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 Stevens staples are back!
Author: ckoboe777 
Date:   2018-01-26 06:25

...And.... they're back!

Can somebody tell me the dimensions (wall thickness, bore size, etc.)and the pitch tendencies (sharp, flat) of a Stevens #2 staple compared to a Loree AK? They were supposedly a big favorite of many Americans like Mack and Woodhams.

-ckoboe777

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 Re: Stevens staples are back!
Author: EaubeauHorn 
Date:   2018-04-06 21:03

I see no one has responded.....and I know nothing either. I'd like to know the difference between a thick wall staple and a thin wall one. I have to date used staples that did not say thin or thick, so I have no idea what the differences could be, or which I have been using.

Someone kindly respond?

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 Re: Stevens staples are back!
Author: ckoboe777 
Date:   2018-04-07 02:40

Thin wall- metal of staple is "thin" e.g. Loree, Chiarugi
Said to be brighter and more responsive
Thick wall- metal of staple is thick e.g. Pisoni, Glotin
Said to be darker and less responsive

Personally, I feel like neither is necessarily brighter/darker or responsive/less responsive. I think it really depends on how it "fits" on the shape of the cane at a certain length. I currently use Pisoni Deluxe with RDG -1 shaper (American here), tied at 72mm, which lets me comfortably get a seal without having to pull the daylights out of the string or having to purposely loosen up the tension in the string to avoid squishing the cane on the staple.

-ckoboe777

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 Re: Stevens staples are back!
Author: tgenns 
Date:   2018-04-07 18:44

I've been doing a little experimenting with tubes (staples) recently. Over the years I have mainly used the Loree tubes, silver, 47 mm, regular bore. One part of the experiment was I ordered a few brass Loree tubes to compare with the silver ones. Frankly, I cannot tell any difference between the brass and silver, so in the future I will probably order brass tubes only and save some bucks.

The other part of my experiment was ordering tubes of other brands, 47mm long. There is an obvious difference in sound as you would expect, but I did not notice any pitch difference, even though the bores were slightly larger than the Loree tube bore and some of the walls were thicker. As for wall thickness, the thinner ones did seem a little "brighter" / livelier than the thicker ones.

For now I am sticking with the Loree tubes, which match up well with my two older, regular bore Loree oboes. The sound on them for me was a little more refined / lithe than the other brands. That being said, I still plan on occasionally trying a different tube just for experimental and interest sake.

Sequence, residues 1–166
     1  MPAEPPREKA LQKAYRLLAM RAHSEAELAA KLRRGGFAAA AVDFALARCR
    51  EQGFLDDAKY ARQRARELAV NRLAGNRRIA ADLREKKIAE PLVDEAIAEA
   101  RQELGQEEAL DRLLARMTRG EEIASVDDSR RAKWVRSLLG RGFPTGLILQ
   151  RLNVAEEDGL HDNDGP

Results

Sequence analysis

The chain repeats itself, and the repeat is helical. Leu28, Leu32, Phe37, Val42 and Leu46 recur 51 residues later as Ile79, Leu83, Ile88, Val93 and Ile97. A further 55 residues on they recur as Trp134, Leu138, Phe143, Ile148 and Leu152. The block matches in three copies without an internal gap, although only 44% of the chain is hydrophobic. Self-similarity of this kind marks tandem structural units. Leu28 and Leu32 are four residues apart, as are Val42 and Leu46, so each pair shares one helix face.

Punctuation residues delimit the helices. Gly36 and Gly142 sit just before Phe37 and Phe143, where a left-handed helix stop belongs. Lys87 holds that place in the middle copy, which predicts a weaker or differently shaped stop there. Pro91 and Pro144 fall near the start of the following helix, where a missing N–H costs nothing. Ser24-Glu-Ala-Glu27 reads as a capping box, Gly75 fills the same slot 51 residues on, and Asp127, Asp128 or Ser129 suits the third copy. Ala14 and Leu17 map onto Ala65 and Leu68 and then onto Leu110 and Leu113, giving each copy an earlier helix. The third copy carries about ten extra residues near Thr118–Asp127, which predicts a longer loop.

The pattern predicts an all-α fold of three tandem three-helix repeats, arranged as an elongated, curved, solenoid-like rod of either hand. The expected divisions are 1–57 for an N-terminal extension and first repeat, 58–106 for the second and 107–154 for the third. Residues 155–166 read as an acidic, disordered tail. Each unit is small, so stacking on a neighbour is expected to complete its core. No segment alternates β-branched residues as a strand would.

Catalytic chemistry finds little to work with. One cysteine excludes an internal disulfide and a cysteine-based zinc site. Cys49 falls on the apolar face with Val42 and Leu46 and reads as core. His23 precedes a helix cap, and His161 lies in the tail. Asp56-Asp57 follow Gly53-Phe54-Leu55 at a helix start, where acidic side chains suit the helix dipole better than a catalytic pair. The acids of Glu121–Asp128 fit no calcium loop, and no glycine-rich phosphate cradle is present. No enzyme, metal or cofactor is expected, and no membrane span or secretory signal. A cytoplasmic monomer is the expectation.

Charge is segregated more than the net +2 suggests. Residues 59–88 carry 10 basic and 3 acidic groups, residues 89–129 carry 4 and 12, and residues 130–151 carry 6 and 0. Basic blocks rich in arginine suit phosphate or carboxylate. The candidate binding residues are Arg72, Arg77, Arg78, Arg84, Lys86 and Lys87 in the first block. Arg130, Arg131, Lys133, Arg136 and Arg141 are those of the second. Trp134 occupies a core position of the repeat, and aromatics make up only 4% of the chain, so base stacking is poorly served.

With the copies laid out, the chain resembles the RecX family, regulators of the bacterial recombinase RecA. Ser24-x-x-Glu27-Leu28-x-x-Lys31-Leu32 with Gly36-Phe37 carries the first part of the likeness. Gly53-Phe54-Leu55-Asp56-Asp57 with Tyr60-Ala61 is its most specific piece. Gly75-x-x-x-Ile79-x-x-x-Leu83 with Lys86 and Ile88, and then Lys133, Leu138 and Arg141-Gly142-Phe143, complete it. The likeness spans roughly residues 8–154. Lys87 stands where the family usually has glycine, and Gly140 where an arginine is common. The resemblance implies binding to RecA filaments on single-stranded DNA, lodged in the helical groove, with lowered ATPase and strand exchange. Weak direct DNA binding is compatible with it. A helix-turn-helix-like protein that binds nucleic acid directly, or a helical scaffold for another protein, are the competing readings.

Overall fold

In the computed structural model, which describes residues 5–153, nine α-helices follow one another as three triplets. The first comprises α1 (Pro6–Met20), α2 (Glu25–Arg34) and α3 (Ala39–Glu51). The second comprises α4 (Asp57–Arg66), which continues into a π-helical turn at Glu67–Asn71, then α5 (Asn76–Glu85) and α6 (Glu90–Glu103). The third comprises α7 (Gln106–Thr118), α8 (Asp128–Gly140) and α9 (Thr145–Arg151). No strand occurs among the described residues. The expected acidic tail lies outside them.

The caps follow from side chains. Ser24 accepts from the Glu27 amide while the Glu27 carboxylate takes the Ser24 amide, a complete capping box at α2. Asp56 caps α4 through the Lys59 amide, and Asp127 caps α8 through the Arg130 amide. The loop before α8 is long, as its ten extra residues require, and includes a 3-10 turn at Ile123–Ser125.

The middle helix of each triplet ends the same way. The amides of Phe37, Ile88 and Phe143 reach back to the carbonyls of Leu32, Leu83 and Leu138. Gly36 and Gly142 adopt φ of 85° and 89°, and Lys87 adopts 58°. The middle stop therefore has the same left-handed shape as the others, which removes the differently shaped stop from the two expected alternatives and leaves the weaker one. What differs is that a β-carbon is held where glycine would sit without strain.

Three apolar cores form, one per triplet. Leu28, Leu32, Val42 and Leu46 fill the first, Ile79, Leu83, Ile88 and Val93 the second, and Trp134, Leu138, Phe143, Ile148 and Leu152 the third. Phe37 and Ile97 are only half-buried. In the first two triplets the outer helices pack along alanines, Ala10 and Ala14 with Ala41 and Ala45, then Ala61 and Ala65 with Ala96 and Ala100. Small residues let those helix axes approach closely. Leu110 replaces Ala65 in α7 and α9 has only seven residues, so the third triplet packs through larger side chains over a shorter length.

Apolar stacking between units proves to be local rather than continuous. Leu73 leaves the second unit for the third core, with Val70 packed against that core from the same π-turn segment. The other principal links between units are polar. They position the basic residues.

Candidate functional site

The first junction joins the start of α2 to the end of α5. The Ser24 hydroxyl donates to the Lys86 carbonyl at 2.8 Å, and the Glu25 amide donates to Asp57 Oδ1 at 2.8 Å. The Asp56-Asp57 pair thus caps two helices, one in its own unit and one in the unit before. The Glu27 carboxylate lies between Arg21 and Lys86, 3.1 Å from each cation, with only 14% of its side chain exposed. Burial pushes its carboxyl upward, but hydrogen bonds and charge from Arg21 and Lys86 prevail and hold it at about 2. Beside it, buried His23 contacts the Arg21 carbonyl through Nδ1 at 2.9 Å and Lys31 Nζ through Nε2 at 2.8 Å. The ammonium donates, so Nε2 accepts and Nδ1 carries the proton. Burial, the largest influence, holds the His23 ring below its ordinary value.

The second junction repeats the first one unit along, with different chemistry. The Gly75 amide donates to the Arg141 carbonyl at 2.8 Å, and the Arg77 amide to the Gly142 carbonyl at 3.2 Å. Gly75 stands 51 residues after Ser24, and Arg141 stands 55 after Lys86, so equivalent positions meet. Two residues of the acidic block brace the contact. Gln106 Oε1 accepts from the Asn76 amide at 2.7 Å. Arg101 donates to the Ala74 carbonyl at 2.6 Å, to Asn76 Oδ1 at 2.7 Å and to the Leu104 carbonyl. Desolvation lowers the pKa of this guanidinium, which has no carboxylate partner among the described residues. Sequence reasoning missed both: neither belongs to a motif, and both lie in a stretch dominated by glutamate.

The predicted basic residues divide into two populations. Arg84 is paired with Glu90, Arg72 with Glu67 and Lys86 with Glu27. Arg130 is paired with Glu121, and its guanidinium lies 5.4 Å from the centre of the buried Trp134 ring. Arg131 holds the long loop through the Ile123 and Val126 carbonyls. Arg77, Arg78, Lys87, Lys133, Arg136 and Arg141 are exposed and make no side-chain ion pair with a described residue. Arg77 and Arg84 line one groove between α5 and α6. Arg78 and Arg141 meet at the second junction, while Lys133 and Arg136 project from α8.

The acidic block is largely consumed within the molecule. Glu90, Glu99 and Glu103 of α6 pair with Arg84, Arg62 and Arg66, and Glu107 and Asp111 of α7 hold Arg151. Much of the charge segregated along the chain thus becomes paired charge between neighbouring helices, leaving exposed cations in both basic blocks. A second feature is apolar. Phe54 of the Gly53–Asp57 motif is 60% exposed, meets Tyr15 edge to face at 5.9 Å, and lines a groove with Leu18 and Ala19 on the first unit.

I think if you are interested in changing your sound a little, then experimenting with different tubes is worth a try. It is certainly less expensive and less of an adjustment than buying a new horn!

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 Re: Stevens staples are back!
Author: EaubeauHorn 
Date:   2018-04-08 20:32

Continuing the questioning....my teacher used 46 mm tubes, same model instrument as mine. But finished reeds on my 47mm tubes that I was "almost there" with just fine. So what difference does 1mm tube length make, and why would someone choose one over the other (teacher gone and retired, can't ask him.)

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 Re: Stevens staples are back!
Author: ckoboe777 
Date:   2018-04-09 02:58

Shorter staples tend to be sharper. But different staple brands have different pitch tendencies too, so for example, a Pisoni 47mm staple could still be sharper than a Loree 46mm staple.

I personally like "sharper" staples because I hate reeds that are flat. I'd much rather have a reed that is slightly sharp, that I can afford to relax my embouchure on and play down to pitch. Playing down to pitch is a lot less energy consuming than playing up to pitch.

-ckoboe

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 Re: Stevens staples are back!
Author: jhoyla 
Date:   2018-04-11 16:07

The following is only my experience, and I'm sure that this is different for everyone.

Basically you need to experiment and find the right combination of cane, shape, tie-length, tie-tension, staple-length, wall-thickness and scrape for you.

For me I think it comes down to how close to the end of the staple you tie.
I tie to *just* below the lip of the staple, and so have had more luck with 46mm staples. I find 47mm staples difficult to get up to pitch, I end up clipping the reeds right back with associated stability and tone-quality issues.

However I know that others leave up to 1mm of staple projecting inside the staple. For them, 47mm might be just-about perfect.

I standardized on Stevens 46mm some years back, and then they went out of production. I found the Forrests 46mm an acceptable substitute, but they tie a little longer for a perfect seal, giving me a few low-pitch issues.

J.

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